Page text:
By Steve Almasy
Tim Tesseneer was driving along Daytona Beach on Tuesday with his wife when they noticed the minivan driving through shallow water as it headed south.
That was unusual enough. But then they heard the screams. It was two children crying and waving for help out one of the rear windows.
Tesseneer threw the car in park and raced over to see whether he could get the children out of the minivan.
One child was screaming, Tesseneer recalled Wednesday to CNN's Piers Morgan. "Please help us, our mom is trying to kill us."
The other child he could see was wrestling a woman for the steering wheel.
But the woman just kept saying, "We're OK. We're OK. We're OK," as another man joined Tesseneer trying to get the driver to stop.
Then she mashed the accelerator, turned left and shot into the cold, heavy surf of the Atlantic Ocean touching the shore of the Florida city.
It was now a battle against the pull of the water, and the second man, Stacy Robinson, opened a door and pulled out the two panicked children.
There was a good chance if he and Tesseneer hadn't been there, the children, ages 10 and 9, would have drowned inside the van as it pitched in the water, officials said.
"I have siblings their age, so it was like the big brother came out in me," Robinson said.
But there was one more child, a 3-year-old girl strapped in a car seat. A lifeguard dove in through a front window and unbuckled the child and handed her to another lifeguard. The vehicle was bobbing in water about 3 feet deep.
The mother just walked away, Tesseneer said, silent with a strange, almost "possessed" look on her face.
A day later she was at a hospital in Daytona Beach awaiting a mental evaluation, Volusia County Sheriff Ben Johnson said. Her children, including her unborn baby, were fine.
No charges had been filed, Johnson said, as the investigation into why she drove into the ocean was just beginning.
CNN is not identifying the children or the woman, who was stopped earlier in the day after her sister called police to let them know how concerned she was for her sibling's mental state.
According to a Daytona Beach Police report, the woman was stopped by an officer, who questioned her. In the back seat the kids sat calmly with smiles. The woman told an officer that she feared for her safety and was worried her former husband would harm them.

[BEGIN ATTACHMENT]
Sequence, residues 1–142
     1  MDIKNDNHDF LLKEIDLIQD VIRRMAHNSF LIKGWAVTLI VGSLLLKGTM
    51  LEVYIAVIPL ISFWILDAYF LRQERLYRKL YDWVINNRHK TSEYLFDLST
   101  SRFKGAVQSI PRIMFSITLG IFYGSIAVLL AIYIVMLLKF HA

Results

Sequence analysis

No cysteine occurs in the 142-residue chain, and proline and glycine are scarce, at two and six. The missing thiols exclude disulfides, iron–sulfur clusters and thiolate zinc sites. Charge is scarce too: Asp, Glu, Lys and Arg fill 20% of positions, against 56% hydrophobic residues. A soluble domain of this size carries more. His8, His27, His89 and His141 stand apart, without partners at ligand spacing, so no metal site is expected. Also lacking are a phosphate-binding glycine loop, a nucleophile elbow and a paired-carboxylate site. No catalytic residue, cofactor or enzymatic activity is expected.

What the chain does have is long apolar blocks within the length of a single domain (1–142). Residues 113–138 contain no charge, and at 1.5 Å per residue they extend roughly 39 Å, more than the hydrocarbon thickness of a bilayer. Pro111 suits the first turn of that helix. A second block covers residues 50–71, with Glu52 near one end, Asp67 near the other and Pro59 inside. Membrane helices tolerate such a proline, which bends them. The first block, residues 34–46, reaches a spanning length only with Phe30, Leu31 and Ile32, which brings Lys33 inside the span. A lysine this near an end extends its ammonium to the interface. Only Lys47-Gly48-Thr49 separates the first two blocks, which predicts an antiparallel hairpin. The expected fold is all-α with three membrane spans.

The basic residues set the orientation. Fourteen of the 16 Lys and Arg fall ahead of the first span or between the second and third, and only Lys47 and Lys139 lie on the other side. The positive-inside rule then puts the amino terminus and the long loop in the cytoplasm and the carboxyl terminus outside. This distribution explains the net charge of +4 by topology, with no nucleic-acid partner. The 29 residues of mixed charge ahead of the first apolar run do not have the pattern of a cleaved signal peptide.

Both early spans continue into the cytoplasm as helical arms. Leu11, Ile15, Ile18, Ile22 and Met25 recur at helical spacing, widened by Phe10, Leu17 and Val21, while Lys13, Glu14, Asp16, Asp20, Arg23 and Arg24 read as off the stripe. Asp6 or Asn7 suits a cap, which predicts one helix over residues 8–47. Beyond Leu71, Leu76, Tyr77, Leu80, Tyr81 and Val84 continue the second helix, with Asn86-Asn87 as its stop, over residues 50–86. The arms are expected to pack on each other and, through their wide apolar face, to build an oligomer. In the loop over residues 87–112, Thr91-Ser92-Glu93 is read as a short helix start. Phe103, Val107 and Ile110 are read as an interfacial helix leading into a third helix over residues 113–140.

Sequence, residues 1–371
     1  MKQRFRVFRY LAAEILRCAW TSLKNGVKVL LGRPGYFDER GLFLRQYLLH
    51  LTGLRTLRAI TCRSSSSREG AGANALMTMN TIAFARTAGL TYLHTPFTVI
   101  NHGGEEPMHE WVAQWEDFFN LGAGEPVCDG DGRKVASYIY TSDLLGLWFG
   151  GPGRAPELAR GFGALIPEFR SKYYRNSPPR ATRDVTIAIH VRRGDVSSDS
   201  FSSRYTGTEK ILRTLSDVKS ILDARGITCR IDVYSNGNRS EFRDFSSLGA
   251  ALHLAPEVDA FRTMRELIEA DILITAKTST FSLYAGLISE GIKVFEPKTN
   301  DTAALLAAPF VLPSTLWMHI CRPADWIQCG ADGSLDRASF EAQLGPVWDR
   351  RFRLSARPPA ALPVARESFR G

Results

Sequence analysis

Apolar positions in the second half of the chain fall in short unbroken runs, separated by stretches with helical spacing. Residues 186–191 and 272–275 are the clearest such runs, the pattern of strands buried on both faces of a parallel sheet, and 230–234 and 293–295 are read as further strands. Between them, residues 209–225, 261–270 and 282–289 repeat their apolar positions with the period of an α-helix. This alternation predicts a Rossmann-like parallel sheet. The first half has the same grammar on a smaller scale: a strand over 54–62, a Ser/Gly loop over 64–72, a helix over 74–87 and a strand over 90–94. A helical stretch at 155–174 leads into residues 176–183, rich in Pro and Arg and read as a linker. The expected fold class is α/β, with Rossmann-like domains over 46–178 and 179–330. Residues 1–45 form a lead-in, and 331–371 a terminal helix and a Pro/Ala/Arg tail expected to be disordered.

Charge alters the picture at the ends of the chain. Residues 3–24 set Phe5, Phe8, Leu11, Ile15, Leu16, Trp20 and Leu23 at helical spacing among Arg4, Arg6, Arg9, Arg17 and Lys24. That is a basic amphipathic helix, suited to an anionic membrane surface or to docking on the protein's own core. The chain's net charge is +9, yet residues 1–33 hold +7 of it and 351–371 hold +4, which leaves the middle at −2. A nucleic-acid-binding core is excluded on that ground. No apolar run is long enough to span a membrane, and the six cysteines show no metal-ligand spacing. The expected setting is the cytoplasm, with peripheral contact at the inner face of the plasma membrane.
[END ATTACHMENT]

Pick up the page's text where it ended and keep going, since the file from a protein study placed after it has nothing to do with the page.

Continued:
But the officer was concerned that she might have a mental illness. He asked a detective who was there to talk to her while other officers called the sister back.
In the report, the officer writes of discussing the woman's behavior with the detective.
They came to the same conclusion; she couldn't be held under a Florida law that allows for detention of people believed to be impaired by mental illness and who possibly pose a risk of harm.
They told her she could go; one officer followed her for a short time.
Almost two hours later, she was driving on the beach, outside the traffic lane, drawing the attention of beach patrol and bystanders like Robinson and Tesseneer, on vacation from North Carolina.
Sheriff Johnson said the children are now in the state's care. They had been interviewed by detectives from his agency, which was taking the lead because it has more investigators than other departments.
The woman had yet to speak with detectives.
Johnson said his team will try to determine whether this was a criminal act or one that resulted from a medical issue.
No one in his department knows how long the woman had been in town or why she was visiting from South Carolina. She did have family in the area, the sheriff said.
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